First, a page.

This project builds on earlier efforts to provide comprehensive analysis of the 40 T-sheets that cover the southern California Bight (SCB) from Point Conception to the US-Mexico border. High quality scans of the original T-sheets produced between 1851 and 1889 were obtained along with the surveyor notes. T-sheets were digitized, georeferenced, and interpreted in order to provide a map of coastal estuaries (both large and small) and coastal drainage systems representing conditions along the SCB coast in the mid-late 19th Century. This analysis was used to answer the following questions:
- How much total estuarine habitat was there historically (i.e., as mapped on the T-sheets)
compared to today?
- How many total coastal systems occurred historically?
- What has happened to historical estuarine habitat types?
Major findings of the study include the following.
• The SCB coast supported approximately 19,591 hectares of estuarine habitats. Approximately 40% of this area was vegetated wetlands (e.g., salt marsh), 25% was unvegetated wetlands (e.g. salt flat and mudflat), and the remaining 35% was subtidal water.
• A total of 331 coastal systems occurred along the SCB coast. Approximately 2/3 of these systems consisted of small coastal drainages without any associated terminal wetlands. Individual coastal systems were relatively evenly distributed along the coast, with each county having between 60 and 90 systems.
• The 331 systems can be grouped in 15 distinct archetypes (or distinct compositions) representing
combinations of size and dominant habitats.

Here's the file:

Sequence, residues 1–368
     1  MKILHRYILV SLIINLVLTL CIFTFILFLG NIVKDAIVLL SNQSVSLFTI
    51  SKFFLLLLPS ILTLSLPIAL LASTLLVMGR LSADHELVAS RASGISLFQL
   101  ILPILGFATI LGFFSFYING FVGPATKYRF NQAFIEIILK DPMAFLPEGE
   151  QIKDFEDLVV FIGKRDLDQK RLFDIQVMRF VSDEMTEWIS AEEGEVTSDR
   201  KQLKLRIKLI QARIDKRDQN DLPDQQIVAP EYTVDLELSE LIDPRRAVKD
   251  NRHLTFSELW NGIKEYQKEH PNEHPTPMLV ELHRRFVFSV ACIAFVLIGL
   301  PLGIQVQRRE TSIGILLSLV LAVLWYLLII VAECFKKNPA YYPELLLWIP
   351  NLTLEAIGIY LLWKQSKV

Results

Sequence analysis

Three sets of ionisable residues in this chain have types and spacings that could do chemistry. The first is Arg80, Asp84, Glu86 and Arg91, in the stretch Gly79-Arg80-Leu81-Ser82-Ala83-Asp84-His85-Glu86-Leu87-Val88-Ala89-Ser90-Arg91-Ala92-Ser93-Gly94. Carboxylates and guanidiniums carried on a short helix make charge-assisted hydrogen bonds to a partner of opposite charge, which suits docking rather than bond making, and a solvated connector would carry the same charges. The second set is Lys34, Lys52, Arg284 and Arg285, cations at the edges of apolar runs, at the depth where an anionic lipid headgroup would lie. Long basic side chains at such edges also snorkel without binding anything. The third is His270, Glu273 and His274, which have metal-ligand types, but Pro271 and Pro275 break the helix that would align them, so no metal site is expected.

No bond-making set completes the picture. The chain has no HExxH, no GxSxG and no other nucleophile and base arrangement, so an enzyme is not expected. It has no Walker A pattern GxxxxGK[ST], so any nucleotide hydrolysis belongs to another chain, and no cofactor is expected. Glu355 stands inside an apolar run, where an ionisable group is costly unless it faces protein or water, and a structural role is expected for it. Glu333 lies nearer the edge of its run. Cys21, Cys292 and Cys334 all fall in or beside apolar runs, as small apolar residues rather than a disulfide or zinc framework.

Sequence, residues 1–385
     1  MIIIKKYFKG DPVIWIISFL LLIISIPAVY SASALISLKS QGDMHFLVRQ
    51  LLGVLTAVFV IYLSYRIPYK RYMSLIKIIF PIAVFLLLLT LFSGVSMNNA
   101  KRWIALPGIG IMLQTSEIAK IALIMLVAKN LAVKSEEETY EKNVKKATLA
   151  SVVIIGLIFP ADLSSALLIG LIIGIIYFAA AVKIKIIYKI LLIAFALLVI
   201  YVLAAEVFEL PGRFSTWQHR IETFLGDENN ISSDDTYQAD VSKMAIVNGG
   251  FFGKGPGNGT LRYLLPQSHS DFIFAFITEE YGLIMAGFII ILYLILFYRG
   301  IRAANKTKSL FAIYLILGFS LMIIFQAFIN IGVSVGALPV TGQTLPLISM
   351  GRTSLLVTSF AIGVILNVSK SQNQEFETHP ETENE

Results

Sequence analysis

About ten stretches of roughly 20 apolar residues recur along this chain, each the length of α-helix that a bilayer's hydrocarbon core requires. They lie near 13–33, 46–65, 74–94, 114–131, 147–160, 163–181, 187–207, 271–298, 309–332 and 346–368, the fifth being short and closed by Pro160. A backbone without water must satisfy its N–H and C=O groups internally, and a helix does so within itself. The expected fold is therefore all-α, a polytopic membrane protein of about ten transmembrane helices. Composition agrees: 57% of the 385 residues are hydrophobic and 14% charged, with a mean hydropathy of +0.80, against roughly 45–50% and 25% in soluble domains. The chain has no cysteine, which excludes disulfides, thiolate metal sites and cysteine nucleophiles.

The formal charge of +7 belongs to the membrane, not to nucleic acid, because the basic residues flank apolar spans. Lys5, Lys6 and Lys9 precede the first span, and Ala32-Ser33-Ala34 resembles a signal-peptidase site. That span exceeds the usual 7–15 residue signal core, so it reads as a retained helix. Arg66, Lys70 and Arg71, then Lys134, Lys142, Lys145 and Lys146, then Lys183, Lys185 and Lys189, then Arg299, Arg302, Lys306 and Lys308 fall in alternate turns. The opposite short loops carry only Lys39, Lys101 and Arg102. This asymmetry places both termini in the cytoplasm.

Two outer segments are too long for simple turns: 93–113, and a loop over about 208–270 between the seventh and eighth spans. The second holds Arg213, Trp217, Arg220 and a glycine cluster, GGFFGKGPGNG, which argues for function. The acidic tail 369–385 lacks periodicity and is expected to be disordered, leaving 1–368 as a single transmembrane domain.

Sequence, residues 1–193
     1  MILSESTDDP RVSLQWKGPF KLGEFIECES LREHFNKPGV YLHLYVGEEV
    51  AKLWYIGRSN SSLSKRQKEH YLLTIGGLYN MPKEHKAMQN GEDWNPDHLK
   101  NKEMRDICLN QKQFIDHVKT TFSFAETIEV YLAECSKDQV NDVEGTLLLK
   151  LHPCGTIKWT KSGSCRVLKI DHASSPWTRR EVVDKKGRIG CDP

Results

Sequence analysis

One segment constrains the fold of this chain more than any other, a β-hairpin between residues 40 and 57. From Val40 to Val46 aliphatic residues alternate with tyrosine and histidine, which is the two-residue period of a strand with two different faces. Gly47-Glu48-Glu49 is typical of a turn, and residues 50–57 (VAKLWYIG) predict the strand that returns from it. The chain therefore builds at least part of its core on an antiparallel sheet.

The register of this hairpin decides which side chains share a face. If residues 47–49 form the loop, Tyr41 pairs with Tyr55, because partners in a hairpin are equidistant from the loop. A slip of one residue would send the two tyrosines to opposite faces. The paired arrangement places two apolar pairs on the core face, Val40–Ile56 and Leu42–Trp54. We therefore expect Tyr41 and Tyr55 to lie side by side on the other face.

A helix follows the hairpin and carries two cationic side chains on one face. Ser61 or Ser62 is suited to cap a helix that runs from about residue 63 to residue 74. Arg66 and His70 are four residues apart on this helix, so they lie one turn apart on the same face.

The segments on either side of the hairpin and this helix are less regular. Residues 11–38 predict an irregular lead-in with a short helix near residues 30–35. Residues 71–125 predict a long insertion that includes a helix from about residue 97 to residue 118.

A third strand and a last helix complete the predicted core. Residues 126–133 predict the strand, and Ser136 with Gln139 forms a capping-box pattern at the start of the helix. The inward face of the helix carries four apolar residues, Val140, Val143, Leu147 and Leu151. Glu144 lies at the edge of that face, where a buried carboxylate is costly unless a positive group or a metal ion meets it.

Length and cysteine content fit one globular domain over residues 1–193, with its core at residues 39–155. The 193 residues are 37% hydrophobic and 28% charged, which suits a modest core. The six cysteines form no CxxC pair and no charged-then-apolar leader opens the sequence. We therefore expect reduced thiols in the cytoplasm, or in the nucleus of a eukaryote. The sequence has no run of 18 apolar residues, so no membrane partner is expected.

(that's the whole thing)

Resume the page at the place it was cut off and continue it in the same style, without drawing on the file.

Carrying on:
• Since ca. 1850 there has been an overall loss of 9,317 hectares, or 48% of historical estuarine habitat types along the SCB coast. Estuarine vegetated wetlands have experienced the greatest loss in terms of absolute area (-5819 ha, 75% loss), while estuarine unvegetated wetlands have experienced the greatest proportional loss of 78% of historical extent.
• Declines in estuarine area vary by county. Total losses across all counties range from 62% in Santa Barbara to 31% in San Diego. Additionally, the composition of estuaries in the counties has shifted. In the southern most counties (Los Angeles, Orange, and San Diego) there has been a significant increase in subtidal water while both intertidal and vegetated wetlands have decreased. Santa Barbara and Ventura Counties have maintained an estuarine composition similar to that seen in ca. 1850.
For more information about the study, please consult the report, which explores the technical information these data provide, how we compiled it, the limitations and opportunities for its use. To zoom in and out of the T-sheets themselves, overlay the GIS habitat map, and view these datasets over contemporary aerial imagery, please visit the T-sheet website.
Completed August 2014
Download the Report
Programs and Focus Areas:
Geographic Information Systems
Resilient Landscapes Program
Related Projects, News, and Events:
Tijuana River Valley Historical Ecology Investigation (Project)
The Tijuana River Valley Historical Ecology Investigation synthesized hundreds of historical maps, photographs, and texts to reconstruct the the ecological, hydrological, and geomorphic conditions of the valley prior to major European-American landscape modification.
Historical Wetlands of the Southern California Coast: An Atlas of US Coast Survey T-Sheets 1851-1889 (Project)
This project is the first regional assessment of the relative distribution and abundance of different wetland habitat types along the historical Southern California coastline ("South Coast"). The extent of South Coast wetlands has been dramatically reduced over the past 150 years, and there are now many large-scale efforts to recover some of these environments.